The letter was apparently written in response to someone who had penned something supportive of the Palestinians and challenged that person and those who believed in a national Palestinian identity, to answer a series of questions designed to prove that there was no such thing!! It, and many other pro-Israel writings by this individual can be found all over the Internet.

Yashiko Sagamori is an apparent alias for someone who says , on her web site, that she is American (not Japanese) and the child of a Jewish mother. She doesn’t provide any other details about herself, but on one web site she is identified as "candidate for Secretary of State of California" and on others as "a New York IT consultant." Type in the name on Google and you’ll get a host of hits.

But the identity of the letter writer is less important than what it and similar writings that can be found on the Internet seem to be saying to us, and that is that there is something to be gained by attacking the legitimacy of the Palestinians. But what?

We can agree with everything Sagamori says about the absence of any history of Palestine as a nation, but the fact remains that there are millions of Arabs living on the west bank and in Gaza and in other Arab countries, who consider themselves "Palestinians" and who want to live in their own sovereign nation and that is what we have to deal with.

Maybe "dealing with it" requires the building of a fence and harsh responses to suicide murderers and attacks upon countries that support and harbor terrorist organizations. Maybe none of these things will move us any closer to a solution to the mess.

I don’t know what the ultimate solutions will be to what at this moment appears to be an unsolvable problem, but denying the legitimacy of each other’s peoplehood will contribute nothing toward those solutions.

I declined the invitation to send the Sagamori letter to others, though I provide a link here so that it can be read by readers of this blog.

I think it should be read but not looked at as some kind of a triumphant flourish. The answer to what Sagamori implies is the same as we give to those who imply Israel has no right to exist.

The Israelis aren’t going away.. Those calling themselves Palestinians aren’t going away.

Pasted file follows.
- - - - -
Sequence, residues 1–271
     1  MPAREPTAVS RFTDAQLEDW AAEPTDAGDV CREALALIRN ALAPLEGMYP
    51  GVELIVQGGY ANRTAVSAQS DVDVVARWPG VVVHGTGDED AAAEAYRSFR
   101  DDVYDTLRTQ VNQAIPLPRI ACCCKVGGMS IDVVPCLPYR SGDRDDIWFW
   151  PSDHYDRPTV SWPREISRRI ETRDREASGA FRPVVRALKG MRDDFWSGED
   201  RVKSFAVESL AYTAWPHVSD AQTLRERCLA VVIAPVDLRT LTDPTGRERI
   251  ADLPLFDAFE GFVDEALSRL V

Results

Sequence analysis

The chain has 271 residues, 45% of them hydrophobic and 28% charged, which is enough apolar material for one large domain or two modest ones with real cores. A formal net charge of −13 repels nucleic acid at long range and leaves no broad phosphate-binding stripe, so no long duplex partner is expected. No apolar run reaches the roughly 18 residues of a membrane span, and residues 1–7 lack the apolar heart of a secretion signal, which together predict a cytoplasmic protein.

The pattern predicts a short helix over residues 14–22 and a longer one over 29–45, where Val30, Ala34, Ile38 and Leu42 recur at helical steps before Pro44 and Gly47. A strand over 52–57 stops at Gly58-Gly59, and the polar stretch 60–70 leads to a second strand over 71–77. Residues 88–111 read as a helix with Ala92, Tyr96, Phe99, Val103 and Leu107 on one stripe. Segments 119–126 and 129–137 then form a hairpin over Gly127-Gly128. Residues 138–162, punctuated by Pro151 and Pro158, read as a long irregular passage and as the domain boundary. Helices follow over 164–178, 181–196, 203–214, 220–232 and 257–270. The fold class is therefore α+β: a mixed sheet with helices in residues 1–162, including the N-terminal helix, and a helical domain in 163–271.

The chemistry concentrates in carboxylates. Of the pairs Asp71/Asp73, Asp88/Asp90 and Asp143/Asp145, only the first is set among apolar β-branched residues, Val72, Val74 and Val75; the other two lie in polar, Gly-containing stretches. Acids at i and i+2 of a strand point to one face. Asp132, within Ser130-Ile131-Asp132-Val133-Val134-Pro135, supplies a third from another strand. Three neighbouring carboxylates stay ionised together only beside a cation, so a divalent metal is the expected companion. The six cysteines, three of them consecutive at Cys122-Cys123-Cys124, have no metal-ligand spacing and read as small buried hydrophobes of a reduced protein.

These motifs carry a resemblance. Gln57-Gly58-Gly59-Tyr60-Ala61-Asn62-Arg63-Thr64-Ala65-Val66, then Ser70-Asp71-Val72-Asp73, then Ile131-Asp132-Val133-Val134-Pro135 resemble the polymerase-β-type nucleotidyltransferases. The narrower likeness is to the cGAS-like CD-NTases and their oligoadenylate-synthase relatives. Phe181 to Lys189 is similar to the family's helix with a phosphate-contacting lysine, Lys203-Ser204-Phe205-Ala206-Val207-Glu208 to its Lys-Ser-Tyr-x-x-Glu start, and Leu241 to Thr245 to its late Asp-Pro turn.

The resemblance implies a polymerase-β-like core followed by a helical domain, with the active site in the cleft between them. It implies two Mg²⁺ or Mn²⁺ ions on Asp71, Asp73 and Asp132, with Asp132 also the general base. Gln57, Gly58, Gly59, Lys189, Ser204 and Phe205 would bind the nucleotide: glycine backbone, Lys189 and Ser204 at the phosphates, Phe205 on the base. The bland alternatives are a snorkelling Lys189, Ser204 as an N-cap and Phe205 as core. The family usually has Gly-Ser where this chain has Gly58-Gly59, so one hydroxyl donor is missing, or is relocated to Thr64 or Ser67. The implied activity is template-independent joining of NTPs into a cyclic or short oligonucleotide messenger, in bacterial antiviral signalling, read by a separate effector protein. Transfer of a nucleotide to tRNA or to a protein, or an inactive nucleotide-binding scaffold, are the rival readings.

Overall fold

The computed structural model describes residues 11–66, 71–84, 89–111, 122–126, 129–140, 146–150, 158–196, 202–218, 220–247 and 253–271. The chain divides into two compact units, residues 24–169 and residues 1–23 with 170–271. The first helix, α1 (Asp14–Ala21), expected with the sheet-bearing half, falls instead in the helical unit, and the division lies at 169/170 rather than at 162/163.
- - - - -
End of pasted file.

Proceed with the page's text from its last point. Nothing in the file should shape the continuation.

If you go to Google and type in "who are the Palestinians" in quotes, you’ll get Sagamori’s view but also many equally compelling sounding arguments that refute her contentions.

You’ll get the same strong and compelling arguments from both sides on the question of settlements.

But whatever the claims or denials of legitimacy on whatever issue from both sides, nothing will be solved by rhetoric, however logical it may sound.

We have to deal with the fact that both peoples are here to stay and we have to find ways for both to survive and it seems to me that rhetoric of this nature just gets in the way.


Wednesday, October 08, 2003
Some follow up thoughts on the Terminator victory…..

Maybe Martin Sheen should switch his party affiliation on The West Wing and then make a run for the real presidency.

I think he could win. People are already used to him being President - just as they have been used to Arnold solving the most difficult problems imaginable in a hundred minutes - a hundred and thirty minutes tops!! (Why else would they have voted for him)?.

But first he’d have to run one season on the air as a Republican President. People seem ready to accept actors for high political office - as long as they are Republicans.

Have there been any actor Democrats elected to congress - or to local councils for that matter?

It’s an interesting line of inquiry. There’s some sort of social phenomena at work here but I’m not quite sure what it is.

Some right wing radio gabbers are gloating over the Terminator victory, saying it’s a defeat for the liberal media which was "out to get" Arnold. That, coupled with the recent poll indicating that more Americans actually believe that the "media" are too liberal than think otherwise, is giving these Attilas of the airways a field day.

I haven’t heard any avowed members of the broadcast branch of this liberal media bemoaning their defeat in California. Could that be because there aren’t any to listen to????

Of course Peter Jennings will make his liberal views known tonight.

He’ll do it with those well known liberal weapons - the raised eyebrow and the nuanced tone......


A few weeks ago, when Jim Lehrer announced that the Weekly Standard’s David Brooks would be taking a leave of absence from his Friday appearances on the PBS New Hour in order to "prepare" for his new gig, writing two columns a week for the New York Times, my reaction was whahhh??? Why would anyone need weeks to get ready to write a contemporary column? Unless of course, one is blessed with the gift of prescience.

Maybe David knew what was coming. Maybe he knew that it would take weeks to prepare to write about the madness that took place in California - excuse me - Caleefornia, last night.

I had no such preparation, so I must admit that I am at a loss to find the right sequence of words to convey uncontrollable, hysterical laughter, feelings of shock and disbelief and the sudden realization that in my dissertation of October 6, 2003 about why aliens do not visit earth, I had left off perhaps the primary reason - the state of Caleefornia.

Last night I went to bed early, hoping that the morning would bring news of a Cubs win over the Marlins and that sanity had prevailed in California.

What a double whammy.